I didn’t really like the DWIM interface for type translations on the client, so I made the type information mandatory. (-:
This means that instead of:
You get to do this:
1 2 3 4
This doesn’t look vastly superior, but consider this case:
Where before, you had to construct an xml-rpc-date structure; ew. This also allows nicer handling of (unsigned-byte 8) vectors (you can base64-encode them now), and you don’t have to construct yucky xml-rpc-struct objects anymore: just use alists. The decoding functions now return the type tag that they saw in the response or request.
Speaking of requests, the server is now finished, lifting CXML-RPC to more or less the same level as s-xml-rpc. It implements the introspection functions specified in xmlrpc-c’s documentation, and the faults_interop spec. You can define methods for different handlers, which means that you can attach more than one handler to different URLs and they can expose different sets of methods to the world. This might be handy for those running virtual hosts.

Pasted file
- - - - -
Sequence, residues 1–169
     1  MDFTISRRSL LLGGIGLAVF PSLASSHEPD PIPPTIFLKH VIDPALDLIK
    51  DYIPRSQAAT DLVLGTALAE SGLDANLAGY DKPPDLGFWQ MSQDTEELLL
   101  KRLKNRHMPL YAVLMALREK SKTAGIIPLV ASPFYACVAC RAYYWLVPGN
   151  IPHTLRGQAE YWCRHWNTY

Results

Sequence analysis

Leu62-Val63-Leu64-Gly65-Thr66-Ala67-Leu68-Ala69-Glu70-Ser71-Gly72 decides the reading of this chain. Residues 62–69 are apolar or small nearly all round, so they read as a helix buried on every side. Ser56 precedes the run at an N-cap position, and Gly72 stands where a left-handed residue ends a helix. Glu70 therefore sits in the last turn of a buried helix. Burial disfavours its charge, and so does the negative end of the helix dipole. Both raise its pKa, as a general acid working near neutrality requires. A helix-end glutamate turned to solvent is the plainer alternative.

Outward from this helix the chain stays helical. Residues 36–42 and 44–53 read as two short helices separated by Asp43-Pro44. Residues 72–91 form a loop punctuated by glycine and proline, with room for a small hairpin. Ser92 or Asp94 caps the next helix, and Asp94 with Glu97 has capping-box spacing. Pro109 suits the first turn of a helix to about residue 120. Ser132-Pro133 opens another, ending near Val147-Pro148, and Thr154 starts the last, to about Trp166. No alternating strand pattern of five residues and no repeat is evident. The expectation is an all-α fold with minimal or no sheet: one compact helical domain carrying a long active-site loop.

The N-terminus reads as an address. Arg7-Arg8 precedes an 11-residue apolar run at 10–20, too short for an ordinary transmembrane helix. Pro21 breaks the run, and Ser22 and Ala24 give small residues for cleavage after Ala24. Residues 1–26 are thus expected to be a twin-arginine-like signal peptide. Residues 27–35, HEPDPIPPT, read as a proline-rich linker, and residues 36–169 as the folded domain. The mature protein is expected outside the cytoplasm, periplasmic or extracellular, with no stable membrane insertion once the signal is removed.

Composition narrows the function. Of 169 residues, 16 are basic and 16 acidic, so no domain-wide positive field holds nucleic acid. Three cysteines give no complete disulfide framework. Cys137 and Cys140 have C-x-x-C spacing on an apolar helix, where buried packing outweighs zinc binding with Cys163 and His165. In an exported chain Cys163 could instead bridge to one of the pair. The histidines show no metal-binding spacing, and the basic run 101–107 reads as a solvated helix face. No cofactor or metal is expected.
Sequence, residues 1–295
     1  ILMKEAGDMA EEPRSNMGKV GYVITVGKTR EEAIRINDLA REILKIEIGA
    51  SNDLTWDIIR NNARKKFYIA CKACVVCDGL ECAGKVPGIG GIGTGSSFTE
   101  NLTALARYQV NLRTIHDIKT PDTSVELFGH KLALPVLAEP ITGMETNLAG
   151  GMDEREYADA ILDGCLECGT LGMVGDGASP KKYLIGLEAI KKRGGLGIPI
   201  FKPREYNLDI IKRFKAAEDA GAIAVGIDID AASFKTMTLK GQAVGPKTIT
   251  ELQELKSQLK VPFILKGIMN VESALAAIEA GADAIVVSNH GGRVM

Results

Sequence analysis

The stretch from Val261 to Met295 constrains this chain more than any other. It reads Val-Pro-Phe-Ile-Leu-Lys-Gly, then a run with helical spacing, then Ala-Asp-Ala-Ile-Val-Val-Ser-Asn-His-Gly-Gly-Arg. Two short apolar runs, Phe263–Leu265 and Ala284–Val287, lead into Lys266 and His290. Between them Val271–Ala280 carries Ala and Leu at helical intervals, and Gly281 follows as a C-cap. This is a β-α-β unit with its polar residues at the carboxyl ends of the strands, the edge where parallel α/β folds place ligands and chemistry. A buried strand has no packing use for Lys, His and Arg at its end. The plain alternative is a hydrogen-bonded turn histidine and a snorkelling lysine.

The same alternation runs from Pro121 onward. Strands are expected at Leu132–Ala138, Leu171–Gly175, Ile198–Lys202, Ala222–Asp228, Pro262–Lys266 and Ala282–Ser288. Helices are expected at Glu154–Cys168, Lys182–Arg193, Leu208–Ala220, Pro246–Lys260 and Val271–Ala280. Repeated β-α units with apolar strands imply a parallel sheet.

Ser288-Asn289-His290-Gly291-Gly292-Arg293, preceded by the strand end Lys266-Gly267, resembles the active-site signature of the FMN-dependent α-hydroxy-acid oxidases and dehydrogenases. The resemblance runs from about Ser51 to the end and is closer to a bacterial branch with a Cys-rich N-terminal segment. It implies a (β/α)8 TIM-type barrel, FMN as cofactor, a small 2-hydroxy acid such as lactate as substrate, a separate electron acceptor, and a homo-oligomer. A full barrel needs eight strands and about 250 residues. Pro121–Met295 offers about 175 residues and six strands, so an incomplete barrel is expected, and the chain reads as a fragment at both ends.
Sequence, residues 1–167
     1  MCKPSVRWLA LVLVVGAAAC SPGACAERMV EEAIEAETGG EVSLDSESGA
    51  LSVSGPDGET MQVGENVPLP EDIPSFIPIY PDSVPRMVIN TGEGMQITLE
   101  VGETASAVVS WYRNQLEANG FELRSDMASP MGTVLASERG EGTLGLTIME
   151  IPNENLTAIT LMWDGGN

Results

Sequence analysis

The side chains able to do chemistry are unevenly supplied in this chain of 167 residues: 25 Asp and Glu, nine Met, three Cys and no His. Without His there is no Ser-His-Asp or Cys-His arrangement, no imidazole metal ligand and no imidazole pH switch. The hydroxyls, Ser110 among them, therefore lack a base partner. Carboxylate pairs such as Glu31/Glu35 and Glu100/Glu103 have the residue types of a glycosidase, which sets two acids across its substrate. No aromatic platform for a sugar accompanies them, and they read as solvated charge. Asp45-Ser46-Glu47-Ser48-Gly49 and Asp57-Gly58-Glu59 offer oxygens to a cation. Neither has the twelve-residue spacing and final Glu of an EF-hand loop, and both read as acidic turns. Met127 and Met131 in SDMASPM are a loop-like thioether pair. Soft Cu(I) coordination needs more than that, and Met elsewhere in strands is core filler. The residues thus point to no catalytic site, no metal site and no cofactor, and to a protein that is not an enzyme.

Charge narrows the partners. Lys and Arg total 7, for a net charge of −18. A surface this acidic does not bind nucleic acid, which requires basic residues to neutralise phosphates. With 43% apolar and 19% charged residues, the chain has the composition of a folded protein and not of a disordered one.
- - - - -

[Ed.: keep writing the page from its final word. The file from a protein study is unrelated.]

In response to yesterday’s post, Rafal Strzalinski pointed me at Ivan Boldyrev’s s-xml-rpc-hunchentoot, which adapts the s-xml-rpc server functions for use with hunchentoot’s handlers. There’s no port to DRAKMA for the client part.
I think you should give CXML-RPC a try if you either want to expose multiple sets of methods on different handlers, or you don’t want to install aserve just for an xml-rpc client. (-: